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JBSA News
NEWS | Aug. 20, 2014

Living life in the fast lane: Officials urge road safety

By Airman 1st Class Kenna Jackson Joint Base San Antonio-Randolph Public Affairs

It's important to drive responsibly and avoid three of the biggest obstacles of safe travel; speeding, driving in an impaired or distracted state and driving aggressively.

 

Excessive speed

 

Speed is involved in one of every three fatal crashes and is one of the most significant contributions to crash severity, traffic fatalities and driving violations, according to the National Highway Traffic Safety Administration. Speeding is dangerous because it increases the stopping distance of a vehicle and enhances the amount of force released in an accident.

 

Joint Base San Antonio-Randolph has strict rules against speeding and employs a point system that can result in license revocation for a year.

 

"The goal is to make the roads safe for everyone," Officer Jason Eglinton, 902nd Security Forces Squadron reports and analysis supervisor, said.

 

JBSA-Randolph drivers are assessed three points for driving 1-10 miles per hour over the speed limit, four points for driving 11-15 mph over the speed limit, five points for driving 16-20 mph over the speed limit and six points for driving 20 mph and more over the speed limit. Twelve points accrued in one year results in license revocation for a year.

 

Senior Airman Isaias De Leon, 902nd SFS, reports and analysis traffic investigator, said slowing down is especially critical in housing areas and near schools.

 

"The roads aren't a race track; slow down," he said. "Obey the speed limits, especially around housing and playgrounds. Be aware of children and families."

 

Eglinton explained why people speed despite the penalties and dangers associated with it.

 

"There are several reasons," he said. "They're in a hurry and are not paying attention, they don't take traffic laws seriously or they don't expect to get caught."

 

According to NHTSA, motor vehicle accidents are complex events that are a result of various driver- and environment-related factors. Although this makes avoiding an accident nearly impossible, driver-related factors that contribute to car crashes are mostly behavioral in nature, making it easier to control. Research from various safety programs and associations has surmised this behavior to include impaired and aggressive driving.

 

Impaired driving

 

Driving impaired is sometimes associated with speeding among drivers involved in fatal crashes. However, it doesn't just apply to inebriation. Although alcohol-impaired drivers are more likely to speed and negate the use of seat belts, driving impaired also includes driving distracted.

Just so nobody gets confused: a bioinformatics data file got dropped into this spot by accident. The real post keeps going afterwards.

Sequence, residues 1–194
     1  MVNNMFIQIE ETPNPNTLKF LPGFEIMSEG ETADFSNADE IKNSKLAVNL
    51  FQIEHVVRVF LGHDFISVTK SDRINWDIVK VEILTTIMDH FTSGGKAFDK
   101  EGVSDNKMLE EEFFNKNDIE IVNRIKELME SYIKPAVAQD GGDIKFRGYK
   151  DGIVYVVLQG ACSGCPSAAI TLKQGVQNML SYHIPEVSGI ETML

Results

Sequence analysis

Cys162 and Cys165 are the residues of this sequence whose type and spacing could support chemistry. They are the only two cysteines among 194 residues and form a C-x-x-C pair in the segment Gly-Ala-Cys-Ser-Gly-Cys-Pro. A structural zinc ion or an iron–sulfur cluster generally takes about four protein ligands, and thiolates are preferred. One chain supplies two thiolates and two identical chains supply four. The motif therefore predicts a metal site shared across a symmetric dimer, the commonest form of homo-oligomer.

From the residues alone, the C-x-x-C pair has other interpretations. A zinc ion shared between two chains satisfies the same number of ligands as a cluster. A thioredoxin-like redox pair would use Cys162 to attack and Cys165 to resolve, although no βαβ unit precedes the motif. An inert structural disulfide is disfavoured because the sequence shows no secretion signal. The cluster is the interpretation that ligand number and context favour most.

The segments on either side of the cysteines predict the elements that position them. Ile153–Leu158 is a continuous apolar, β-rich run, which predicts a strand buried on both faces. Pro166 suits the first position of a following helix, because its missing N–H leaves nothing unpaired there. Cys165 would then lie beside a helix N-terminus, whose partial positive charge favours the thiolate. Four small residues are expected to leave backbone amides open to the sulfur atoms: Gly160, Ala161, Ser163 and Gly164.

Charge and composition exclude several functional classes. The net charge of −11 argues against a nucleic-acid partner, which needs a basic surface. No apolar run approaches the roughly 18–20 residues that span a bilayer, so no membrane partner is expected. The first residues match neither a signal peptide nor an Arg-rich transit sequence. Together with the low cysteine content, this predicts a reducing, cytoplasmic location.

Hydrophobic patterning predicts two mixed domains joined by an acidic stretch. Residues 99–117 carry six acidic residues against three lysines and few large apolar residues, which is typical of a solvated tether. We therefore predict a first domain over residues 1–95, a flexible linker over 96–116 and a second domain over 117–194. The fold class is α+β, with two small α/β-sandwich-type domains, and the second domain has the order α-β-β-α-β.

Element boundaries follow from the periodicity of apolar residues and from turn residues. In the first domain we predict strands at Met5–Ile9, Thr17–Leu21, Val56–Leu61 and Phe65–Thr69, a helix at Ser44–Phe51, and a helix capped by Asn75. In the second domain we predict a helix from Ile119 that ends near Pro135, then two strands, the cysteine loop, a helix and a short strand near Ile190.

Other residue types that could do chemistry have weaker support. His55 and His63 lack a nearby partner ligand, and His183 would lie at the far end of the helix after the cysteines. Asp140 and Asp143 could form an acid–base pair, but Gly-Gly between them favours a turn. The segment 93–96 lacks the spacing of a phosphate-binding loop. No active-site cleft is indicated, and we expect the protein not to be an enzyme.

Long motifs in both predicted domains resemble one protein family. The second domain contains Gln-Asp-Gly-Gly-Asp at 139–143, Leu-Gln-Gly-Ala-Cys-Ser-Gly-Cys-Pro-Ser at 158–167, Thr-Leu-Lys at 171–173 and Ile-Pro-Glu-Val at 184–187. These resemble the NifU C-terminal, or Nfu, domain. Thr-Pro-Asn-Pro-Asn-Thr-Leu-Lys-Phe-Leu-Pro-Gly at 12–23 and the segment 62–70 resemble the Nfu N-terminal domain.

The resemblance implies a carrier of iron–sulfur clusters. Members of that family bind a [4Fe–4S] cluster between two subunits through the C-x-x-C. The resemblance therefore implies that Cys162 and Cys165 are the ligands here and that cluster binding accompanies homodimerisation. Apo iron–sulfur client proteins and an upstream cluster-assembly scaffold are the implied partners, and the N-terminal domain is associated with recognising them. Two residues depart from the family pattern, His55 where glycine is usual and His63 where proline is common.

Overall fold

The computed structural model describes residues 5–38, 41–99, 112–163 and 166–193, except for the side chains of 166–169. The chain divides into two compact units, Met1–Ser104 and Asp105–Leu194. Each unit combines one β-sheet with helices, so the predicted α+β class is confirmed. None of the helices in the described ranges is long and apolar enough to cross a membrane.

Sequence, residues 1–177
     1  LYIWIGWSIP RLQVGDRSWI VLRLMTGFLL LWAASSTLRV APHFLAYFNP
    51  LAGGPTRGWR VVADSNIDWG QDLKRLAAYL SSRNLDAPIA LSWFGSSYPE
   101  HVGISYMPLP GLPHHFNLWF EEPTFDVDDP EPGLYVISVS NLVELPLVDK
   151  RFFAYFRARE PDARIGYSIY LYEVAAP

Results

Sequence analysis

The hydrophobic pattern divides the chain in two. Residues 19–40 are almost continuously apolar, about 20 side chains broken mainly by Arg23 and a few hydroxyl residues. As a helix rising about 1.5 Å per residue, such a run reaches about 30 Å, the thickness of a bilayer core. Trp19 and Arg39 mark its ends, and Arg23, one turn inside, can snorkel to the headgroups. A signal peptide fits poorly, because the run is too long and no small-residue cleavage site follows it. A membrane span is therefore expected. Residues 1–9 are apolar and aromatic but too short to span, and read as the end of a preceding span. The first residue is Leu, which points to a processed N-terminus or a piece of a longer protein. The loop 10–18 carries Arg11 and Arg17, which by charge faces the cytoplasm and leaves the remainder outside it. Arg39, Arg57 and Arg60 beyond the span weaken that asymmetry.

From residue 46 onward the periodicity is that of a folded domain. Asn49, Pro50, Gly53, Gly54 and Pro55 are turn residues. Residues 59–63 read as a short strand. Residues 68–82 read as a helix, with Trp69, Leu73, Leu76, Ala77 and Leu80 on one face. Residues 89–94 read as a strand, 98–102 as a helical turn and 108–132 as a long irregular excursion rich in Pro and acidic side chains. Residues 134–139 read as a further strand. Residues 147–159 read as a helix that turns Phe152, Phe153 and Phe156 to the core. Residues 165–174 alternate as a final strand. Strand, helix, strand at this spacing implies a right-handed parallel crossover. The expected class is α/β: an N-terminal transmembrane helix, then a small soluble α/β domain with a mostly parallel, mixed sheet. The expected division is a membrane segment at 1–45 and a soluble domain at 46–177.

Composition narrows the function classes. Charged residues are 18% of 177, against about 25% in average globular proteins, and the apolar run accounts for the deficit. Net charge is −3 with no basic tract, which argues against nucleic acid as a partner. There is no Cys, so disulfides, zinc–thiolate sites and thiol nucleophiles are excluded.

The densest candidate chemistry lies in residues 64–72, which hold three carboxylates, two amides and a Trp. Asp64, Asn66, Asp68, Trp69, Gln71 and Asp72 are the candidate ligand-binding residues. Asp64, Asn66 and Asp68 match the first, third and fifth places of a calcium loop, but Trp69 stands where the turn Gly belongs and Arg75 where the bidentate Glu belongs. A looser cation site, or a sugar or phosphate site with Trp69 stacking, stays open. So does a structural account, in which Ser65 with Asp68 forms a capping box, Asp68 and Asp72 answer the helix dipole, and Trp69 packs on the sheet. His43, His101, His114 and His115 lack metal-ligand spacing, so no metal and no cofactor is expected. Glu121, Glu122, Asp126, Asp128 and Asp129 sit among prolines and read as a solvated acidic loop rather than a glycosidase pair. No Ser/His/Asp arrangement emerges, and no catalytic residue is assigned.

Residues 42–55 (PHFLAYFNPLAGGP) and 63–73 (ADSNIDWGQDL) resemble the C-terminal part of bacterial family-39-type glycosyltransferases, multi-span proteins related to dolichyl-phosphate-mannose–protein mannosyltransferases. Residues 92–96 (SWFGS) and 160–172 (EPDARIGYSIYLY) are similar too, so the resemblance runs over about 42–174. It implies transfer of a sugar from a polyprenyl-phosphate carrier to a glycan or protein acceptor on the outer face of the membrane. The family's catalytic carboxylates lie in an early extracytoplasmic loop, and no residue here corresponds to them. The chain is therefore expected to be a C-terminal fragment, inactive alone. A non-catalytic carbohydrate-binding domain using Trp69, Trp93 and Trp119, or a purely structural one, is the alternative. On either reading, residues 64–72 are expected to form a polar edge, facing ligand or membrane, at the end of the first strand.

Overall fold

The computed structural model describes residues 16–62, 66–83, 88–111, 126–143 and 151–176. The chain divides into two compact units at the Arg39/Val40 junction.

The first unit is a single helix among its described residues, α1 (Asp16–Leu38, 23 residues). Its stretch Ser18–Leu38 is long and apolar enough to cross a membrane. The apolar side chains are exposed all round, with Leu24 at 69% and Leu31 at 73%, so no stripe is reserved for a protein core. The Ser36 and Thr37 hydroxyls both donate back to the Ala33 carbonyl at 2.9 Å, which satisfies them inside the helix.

"This includes talking or texting on phones, eating and drinking while driving and even putting on makeup." Staff Sgt. Gary Lund, 502nd Air Base Wing ground safety technician, said. "You call it multi-tasking. We call them distractions.

 

"As said before, the roads are filled with unpredictable possibilities," he said. "So, remember those seconds you spend changing the radio station are seconds lost in seeing a child rushing after their ball in the middle of street."

 

Aggressive Driving

 

Aggressive driving is also a problem on roadways. According to NHTSA's research, aggressive driving is defined as occurring "when an individual commits a combination of moving traffic offenses so as to endanger other people or property."

 

"Usually drivers become aggressive when pressed for time," Eglinton said.

 

When confronted by an aggressive driver on the road, the officer advises drivers it's safer to not do anything to agitate them and to let them pass.

 

"It's safer for you to just let them pass you," he said. "Don't challenge them, don't tailgate them after letting them pass you. It will only make the outcome worse."

 

De Leon said, if an aggressive driver makes a life-threatening move, it would be in everyone's best interest to pull over and dial 911.

 

There are many websites and pamphlets with more information on why speeding is dangerous and how to survive the ways of the road. However, speeding is a habitual behavior, which means there's only so much law enforcement can do. It's the drivers' responsibility to make the roads safe.

 

"People are our most valuable resource," De Leon said. "Our stringent safety standards help ensure the well-being of our people and the communities we interact with. Obey the speed limit, be vigilant and slow down."

 

For more information on speeding on JBSA-Randolph, call 902nd SFS reports and analysis at 652-2510.